Written by Joe Suppes

So you came back from the doctors office with a page full of numbers and you are trying to make some sense of them.  I am going to try to give a simple breakdown of the main components of the number on a cholesterol blood test.  Hopefully, by the end of this post you’re a little closer to understanding what all of those numbers mean.

Total Cholesterol

Cholesterol is a substance that has many beneficial functions in the body.  When too much is consumed or produced by the body and not enough is removed you can end up with excessive amounts.  Cholesterol can build up in the arteries and cut off blood supply to the heart and other areas of the body.  Having healthy cholesterol levels has been shown to lower the risk of heart disease and stroke. 

LDL Cholesterol

LDL (low density lipoprotein) is a combination of fat (lipid) and protein. LDL is a carrier for fat and cholesterol. It takes fat and cholesterol from the liver and transports it through the bloodstream. It eventually drops of the fat and cholesterol off at the cells to be utilized. High levels of LDL cholesterol are a major risk factor for coronary heart disease.  The LDL cholesterol number is the main therapeutic target for intervention.  All of the other numbers on your blood test determine what approach the doctor will take in lowering LDL cholesterol.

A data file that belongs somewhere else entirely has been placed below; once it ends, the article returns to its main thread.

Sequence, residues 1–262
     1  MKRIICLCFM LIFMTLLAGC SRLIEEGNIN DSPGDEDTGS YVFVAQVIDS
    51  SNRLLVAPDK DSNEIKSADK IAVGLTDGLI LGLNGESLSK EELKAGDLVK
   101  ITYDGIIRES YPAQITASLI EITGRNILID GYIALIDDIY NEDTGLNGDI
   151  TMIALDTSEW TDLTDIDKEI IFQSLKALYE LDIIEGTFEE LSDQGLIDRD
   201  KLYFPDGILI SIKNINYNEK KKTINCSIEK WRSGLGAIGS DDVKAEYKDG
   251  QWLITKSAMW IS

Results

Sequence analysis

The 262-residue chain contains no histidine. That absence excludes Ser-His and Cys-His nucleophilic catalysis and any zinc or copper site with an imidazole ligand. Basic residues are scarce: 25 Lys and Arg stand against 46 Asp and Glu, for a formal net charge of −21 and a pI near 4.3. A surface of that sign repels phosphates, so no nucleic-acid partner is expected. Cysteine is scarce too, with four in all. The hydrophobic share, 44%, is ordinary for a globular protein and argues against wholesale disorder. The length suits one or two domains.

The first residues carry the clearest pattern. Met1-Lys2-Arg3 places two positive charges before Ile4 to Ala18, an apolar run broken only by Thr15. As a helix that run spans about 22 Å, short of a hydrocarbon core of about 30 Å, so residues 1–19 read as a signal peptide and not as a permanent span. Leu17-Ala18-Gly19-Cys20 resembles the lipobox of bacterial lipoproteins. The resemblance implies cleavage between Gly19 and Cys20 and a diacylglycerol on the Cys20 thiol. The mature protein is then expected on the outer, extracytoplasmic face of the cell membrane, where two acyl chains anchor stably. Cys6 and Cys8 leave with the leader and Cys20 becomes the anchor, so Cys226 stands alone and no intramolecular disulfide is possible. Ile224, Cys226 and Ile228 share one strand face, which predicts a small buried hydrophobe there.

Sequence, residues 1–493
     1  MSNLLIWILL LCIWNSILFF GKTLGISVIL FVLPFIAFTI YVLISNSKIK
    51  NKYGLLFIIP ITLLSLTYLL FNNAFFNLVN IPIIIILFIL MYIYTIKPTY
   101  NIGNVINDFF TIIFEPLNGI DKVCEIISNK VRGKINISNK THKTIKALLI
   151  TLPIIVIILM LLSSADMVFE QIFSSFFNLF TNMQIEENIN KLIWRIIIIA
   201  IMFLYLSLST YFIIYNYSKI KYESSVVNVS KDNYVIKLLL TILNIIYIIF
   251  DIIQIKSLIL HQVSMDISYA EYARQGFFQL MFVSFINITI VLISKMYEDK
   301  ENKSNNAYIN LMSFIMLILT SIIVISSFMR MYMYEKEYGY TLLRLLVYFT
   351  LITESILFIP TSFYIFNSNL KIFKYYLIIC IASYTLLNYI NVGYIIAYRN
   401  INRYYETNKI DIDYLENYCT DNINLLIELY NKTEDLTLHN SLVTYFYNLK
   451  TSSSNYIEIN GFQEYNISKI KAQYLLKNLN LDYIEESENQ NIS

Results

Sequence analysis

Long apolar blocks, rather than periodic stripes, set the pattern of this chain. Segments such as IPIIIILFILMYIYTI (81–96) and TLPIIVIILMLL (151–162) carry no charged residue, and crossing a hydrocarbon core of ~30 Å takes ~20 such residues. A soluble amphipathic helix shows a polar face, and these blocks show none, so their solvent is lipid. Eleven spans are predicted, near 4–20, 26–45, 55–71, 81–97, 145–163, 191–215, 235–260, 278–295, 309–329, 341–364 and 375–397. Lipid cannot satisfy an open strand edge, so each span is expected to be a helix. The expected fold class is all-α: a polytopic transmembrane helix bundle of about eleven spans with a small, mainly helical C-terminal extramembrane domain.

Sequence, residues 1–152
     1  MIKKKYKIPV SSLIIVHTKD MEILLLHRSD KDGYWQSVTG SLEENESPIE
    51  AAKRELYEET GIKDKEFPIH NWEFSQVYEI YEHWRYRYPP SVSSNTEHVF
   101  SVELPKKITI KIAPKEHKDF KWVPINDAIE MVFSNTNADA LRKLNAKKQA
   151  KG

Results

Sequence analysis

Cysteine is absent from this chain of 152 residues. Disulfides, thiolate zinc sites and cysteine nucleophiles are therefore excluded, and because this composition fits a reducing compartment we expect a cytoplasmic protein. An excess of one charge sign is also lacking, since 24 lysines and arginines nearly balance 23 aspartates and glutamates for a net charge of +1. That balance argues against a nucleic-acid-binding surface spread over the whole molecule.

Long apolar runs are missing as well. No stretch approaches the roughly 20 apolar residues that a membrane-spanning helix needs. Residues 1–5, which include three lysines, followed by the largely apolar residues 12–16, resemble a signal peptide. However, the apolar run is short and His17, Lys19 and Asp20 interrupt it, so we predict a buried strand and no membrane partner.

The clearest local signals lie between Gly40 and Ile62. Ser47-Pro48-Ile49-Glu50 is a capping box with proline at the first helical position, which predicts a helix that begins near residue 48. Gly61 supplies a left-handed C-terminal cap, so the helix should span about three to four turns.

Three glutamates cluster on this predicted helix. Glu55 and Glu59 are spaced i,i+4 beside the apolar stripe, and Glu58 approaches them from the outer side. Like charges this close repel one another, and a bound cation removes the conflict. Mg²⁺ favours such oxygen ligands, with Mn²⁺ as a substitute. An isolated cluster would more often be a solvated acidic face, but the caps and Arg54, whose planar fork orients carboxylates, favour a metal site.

HDL Cholesterol

HDL runs opposite LDL and carries fat and cholesterol from the cells, through the bloodstream, and to the liver to be metabolized or excreted. Low levels of HDL in the blood are an independent risk factor for coronary heart disease.  High levels of HDL protect the heart by carrying away cholesterol that could build up in the walls of the arteries. 


Triglyceride is a term that describes a common way fat is found in the body. Triglycerides are three fat molecules attached to another molecule called glycerol. Generally, when the term triglycerides is used in your doctor’s office it refers to the amount of fat found in the blood. There is an association between high triglyceride levels and coronary heart disease.



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